AABP Updates Dehorning Guidelines

In 2014, the American Association of Bovine Practitioners (AABP) established guidelines for the dehorning and castration of calves. On a regular basis, the AABP reviews and updates its guidelines to make continual improvements over time and to make sure they incorporate the latest scientific evidence and recommendations. In 2019, the AABP separated the guidelines for dehorning (updated November 2019) from castration (updated August 2019).

The updated dehorning guidelines can be found publicly here, or on the AABP homepage under the Home tab. The updated castration guidelines can be found here.

“The AABP felt that the topics of castration and dehorning differed enough that it made sense to develop separate guidelines to focus on the issues and considerations specific to each topic,” explains AABP Animal Welfare Committee Chair Dr. Renee Dewell, Iowa State University. 

 Dehorning cattle is a necessary procedure to reduce the risk of injury to the animal, other cattle and people, and during transportation to slaughter facilities, reduces bruising of carcasses. AABP recognizes the differences in management of newborn calves between the cow-calf and dairy industry in performing this procedure. Because dairy calves are handled daily, the guideline recommends that disbudding/dehorning be performed no later than eight weeks of age. The beef industry has made significant improvements in utilizing polled genetics and currently only 7.8% of beef cattle are born with horns according to the NAHMS Beef 2017 Cow-Calf Survey.

“One significant update in the dehorning guidelines is the recommendation that pain mitigation protocols for dehorning be considered a standard of care,” Dewell says. “This was done to reflect the considerable body of scientific evidence that has shown that calves benefit from pain mitigation protocols associated with dehorning and disbudding procedures.”

“The AABP is the ‘go-to’ organization for government and policy makers when it comes to issues of cattle health, production and well-being,” adds AABP President Dr. Calvin Booker, Okotoks, Alberta. “As a result, it is imperative that the AABP is a leader in developing and updating guidelines and position statements affecting these topic areas.”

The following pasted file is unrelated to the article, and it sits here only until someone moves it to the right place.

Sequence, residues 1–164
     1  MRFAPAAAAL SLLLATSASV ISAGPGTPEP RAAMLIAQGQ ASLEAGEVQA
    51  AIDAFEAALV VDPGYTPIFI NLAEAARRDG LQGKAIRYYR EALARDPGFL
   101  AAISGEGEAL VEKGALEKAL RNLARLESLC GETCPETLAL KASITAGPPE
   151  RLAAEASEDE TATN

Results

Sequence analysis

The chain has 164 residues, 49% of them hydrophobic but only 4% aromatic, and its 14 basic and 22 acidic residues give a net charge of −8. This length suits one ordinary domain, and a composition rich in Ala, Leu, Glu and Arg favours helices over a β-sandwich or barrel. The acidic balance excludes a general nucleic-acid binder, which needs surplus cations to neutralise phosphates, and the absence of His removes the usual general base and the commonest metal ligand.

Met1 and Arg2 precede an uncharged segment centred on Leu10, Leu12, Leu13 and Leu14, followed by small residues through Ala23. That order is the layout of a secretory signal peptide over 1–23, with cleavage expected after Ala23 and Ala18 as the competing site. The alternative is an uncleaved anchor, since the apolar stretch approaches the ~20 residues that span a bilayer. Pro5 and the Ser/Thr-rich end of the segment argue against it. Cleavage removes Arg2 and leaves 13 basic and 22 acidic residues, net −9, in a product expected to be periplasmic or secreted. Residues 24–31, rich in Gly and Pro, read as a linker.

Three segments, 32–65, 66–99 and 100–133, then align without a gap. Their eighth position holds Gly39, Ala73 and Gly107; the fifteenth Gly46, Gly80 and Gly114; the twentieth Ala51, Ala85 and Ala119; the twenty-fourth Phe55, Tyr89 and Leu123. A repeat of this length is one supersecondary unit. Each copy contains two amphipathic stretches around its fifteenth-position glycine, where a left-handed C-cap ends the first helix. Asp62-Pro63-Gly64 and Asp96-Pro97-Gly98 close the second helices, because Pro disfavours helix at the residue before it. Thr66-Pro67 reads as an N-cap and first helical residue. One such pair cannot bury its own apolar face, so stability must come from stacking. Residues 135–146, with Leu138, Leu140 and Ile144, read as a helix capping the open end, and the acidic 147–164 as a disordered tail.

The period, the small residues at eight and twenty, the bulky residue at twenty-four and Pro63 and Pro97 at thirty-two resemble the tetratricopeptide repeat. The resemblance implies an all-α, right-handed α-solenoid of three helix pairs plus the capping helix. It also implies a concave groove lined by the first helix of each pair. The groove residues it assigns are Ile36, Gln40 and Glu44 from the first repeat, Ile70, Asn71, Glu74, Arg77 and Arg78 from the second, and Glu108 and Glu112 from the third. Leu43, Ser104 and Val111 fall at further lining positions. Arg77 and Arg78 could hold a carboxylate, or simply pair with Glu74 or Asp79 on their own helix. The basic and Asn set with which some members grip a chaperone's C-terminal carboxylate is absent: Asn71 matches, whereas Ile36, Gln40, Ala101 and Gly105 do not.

Specifically, the AABP Animal Welfare Committee updated the sections in the guidelines on proper restraint, local anesthesia and systemic pain relief.

“The updated guidelines provide science-based recommendations to help veterinarians and producers best raise the animals entrusted to their care,” adds Dewell.

 

Latest News

Black Ink: Valued Partners

Partnerships aren’t always about a 50/50 business arrangement or who gets what tasks, sometimes they’re simply about having a vested interest in somebody else’s success.

12 min ago
As wild pigs continue to expand out of control in Canada, the risk of wild pigs moving into the U.S. is very real. This is especially true for North Dakota and Montana, but given how mobile feral swine are, the risks are far beyond that, says Ryan Brook of the University of Saskatchewan. 
Canada Fights Back Against Out-of-Control Wild Pig Population

Wild pig populations in Canada continue to expand rapidly and are completely out of control in Saskatchewan, Manitoba and Alberta. A new tool may help control this invasive species. Here's why you should take note.

1 hour ago
Broilers
Tyson Settles Anti-trust Case For $221.5 Million

Tyson Foods has agreed to pay a settlement of $221.5 million in the broiler chicken antitrust civil price-fixing lawsuit, according to filings Tuesday in federal court in Chicago.

40 min ago
.
Three Keys to Quality Colostrum for Beef Calves

Calves are wholly dependent on colostrum from their mothers and the instant a calf is born, a clock begins ticking on its colostrum intake that can have lasting effects on its health and productivity

12 min ago
Livestock Producers on Level Playing Field Thanks to MOU Between USDA and FDA

USDA announces the finalization of a MOU with FDA outlining responsibilities concerning the regulation of certain animals developed using genetic engineering that are intended for agricultural purposes. 

1 hour ago
Feedyard cattle
Optigrid 45 Receives Combination Approvals For Finishing Feedlot Cattle

The combination approvals allow Optigrid 45 to be used with other feed additives commonly fed to feedlot cattle, including monensin, tylosin and melengestrol.

5 min ago